So, Janet
Evanovich shifts to Random House's Ballantine
line after failing to
come to terms with St. Martin's. Even though nobody's saying as much,
it seems reasonable to think that Random House agreed to Evanovich's
reported demand for $50 million for her next four books.

How big a gamble is this?

Some thoughts:

— One, the deal is for two Stephanie Plum books (a series many Evanovich
fans think is on the wane) and two for a series that hasn't even
launched yet.

— Two, how much marketing money and promotional muscle will this deal
steal away from other Ballantine authors? (James Patterson's Little,
Brown deal has been shown to do this to other authors in the same fold,
according to a Sunday NYT piece on him earlier this year.)

— Three, Evanovich is 67 years old, and according to her Wikipedia page,
is known for her 50-writing-hours-a-week work ethic. No ageism here,
really, but can she keep up the pace?

— Four, with her money and family-corporate-machine muscle, Evanovich
could have easily self-published her works (and there was some dubiously
sourced speculation that she was looking into it). Would the perceived
loss in NY prestige have been balanced out by the additional money she
could have made by cutting out all the middlemen?

— At what point do superstar-hungry publishers have to say no to their
superstar authors? What determines the tipping point?

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Well, someone somewhere said she leaves much of the writing to her son. This will work. The books are short, and with that sort of investment, the publisher can write the books.
I wonder if that's true. Many people say James Patterson lets his co-authors do all the writing, but the NYT piece on him proves that's not accurate. One, he writes several standalone thrillers by himself. Two, the co-authored books are given to those co-authors only after a) Patterson writes a detailed 60-page outline for each; and b) heavily involves himself in the rewrites and revises.
As for her age I'd just say Elmore Leonard is 84 and doing some of the best work of his life. Up in Honey's Room was really good and I'm really looking forward to his next novel, Djoubiti aout a Somali pirate in New Orleans.

And speaking as someone published by St. Martins, I wonder if this means some of that marketing and promotional money Balantine is going to have to spend will be available for some St. Martins authors - maybe Loomis will get some ;)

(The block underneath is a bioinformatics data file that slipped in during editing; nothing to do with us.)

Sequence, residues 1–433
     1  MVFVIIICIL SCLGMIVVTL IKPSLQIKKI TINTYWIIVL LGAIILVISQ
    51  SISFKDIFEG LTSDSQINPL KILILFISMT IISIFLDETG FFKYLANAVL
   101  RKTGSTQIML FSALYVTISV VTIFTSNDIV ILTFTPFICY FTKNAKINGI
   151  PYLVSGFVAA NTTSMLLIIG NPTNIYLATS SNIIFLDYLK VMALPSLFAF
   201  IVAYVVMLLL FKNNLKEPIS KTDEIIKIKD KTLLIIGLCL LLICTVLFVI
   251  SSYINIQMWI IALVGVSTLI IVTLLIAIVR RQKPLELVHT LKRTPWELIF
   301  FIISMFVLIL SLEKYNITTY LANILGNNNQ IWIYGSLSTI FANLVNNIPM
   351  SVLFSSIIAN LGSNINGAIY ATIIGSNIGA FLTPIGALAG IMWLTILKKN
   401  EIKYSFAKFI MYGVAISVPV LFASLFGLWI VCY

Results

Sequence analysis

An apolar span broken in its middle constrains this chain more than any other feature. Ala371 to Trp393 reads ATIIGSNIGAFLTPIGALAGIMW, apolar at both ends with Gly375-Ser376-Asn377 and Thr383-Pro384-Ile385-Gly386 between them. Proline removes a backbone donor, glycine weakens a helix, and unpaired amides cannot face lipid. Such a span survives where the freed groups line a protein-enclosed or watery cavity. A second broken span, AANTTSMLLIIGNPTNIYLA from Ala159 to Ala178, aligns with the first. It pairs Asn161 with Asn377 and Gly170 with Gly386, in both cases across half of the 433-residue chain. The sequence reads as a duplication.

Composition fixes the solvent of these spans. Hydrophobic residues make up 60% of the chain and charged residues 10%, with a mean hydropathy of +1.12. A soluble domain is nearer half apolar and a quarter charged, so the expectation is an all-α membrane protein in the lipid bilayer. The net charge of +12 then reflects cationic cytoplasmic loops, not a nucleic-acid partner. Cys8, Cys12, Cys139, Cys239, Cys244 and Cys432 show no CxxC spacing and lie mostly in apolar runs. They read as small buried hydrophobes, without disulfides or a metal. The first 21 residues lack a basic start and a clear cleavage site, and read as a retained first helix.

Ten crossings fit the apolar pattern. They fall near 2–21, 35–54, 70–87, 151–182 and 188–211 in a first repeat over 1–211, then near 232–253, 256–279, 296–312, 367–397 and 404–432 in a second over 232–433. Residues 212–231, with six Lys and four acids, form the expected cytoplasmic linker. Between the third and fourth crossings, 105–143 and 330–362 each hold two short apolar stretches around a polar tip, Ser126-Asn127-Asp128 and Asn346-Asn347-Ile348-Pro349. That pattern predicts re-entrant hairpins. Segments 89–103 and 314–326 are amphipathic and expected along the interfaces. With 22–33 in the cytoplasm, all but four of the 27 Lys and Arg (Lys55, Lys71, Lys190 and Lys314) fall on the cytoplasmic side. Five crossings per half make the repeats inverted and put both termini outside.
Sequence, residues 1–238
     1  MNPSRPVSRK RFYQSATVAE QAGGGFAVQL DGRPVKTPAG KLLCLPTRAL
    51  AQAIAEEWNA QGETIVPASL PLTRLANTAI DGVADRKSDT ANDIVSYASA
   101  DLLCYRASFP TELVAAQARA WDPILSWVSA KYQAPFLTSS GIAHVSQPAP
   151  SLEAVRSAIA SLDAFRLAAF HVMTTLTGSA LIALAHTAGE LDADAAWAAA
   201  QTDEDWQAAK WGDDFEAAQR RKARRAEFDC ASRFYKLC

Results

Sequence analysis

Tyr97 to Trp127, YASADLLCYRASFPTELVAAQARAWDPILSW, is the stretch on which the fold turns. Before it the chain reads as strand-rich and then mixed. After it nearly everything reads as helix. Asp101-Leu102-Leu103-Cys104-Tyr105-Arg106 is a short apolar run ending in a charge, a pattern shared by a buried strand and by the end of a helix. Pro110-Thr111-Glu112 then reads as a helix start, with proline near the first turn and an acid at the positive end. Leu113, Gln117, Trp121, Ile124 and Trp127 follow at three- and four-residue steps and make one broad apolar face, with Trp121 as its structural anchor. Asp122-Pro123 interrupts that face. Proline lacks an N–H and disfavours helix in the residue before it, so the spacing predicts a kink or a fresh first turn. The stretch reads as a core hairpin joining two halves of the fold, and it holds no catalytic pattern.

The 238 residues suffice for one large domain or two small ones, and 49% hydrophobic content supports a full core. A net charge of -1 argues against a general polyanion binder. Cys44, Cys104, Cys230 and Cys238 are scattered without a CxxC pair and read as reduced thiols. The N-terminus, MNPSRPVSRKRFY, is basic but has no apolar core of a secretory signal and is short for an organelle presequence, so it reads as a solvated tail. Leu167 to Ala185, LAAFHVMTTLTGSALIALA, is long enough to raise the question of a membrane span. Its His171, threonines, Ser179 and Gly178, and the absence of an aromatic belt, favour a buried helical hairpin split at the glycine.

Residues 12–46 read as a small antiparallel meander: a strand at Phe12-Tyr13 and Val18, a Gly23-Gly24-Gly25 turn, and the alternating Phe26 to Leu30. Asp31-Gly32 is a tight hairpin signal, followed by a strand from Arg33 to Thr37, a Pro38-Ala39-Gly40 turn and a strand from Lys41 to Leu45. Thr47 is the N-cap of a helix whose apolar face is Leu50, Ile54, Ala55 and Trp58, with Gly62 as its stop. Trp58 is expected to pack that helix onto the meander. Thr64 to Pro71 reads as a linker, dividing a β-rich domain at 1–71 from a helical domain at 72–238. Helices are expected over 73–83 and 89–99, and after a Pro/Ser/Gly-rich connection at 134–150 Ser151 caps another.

And, I suppose the tipping point happens when books stop earning out their advace.
Good point about Elmore Leonard. I'd also let myself forget about another longtime favorite, John Le Carre, who put out one of his finest novels late last year at age 78.

It will be interesting to see how St. Martin's reacts.

And I have a hard time believing that Evanovich doesn't, and wouldn't, earn out her advances. Her sell-through probably isn't high because there's so many copies in print, but I can't imagine it's anything worse than adequate. I wonder if St. Martin's simply choked on the number "$50 million."
maybe Loomis will get some ;)


Actually, I see this as a very good thing, and a smart move for St. Martin's. $50 million is crazy, by any measure. It will certainly rearrange the pecking order, though I'd fall down in a dead faint if any of that money actually came my way.
It does appear that the onus is all on Random House. From

If Random House paid even a bit north of $40 million, they must sell approximately 1.25 million copies of the next Stephanie Plum book, according to Publishers Weekly. Fearless Fifteen sold about 977,000 copies, and Sizzling Sixteen, published last month, appears to be on track to hit a similar sales figure, but a big part of Evanovich's sales come from her extensive backlist, something Random House does not yet have. So if hardcover sales decline, there is no revenue from earlier titles that Random House can use as a buffer. Meanwhile St. Martin's still reaps backlist revenue without having to worry about spending money acquiring and marketing new books.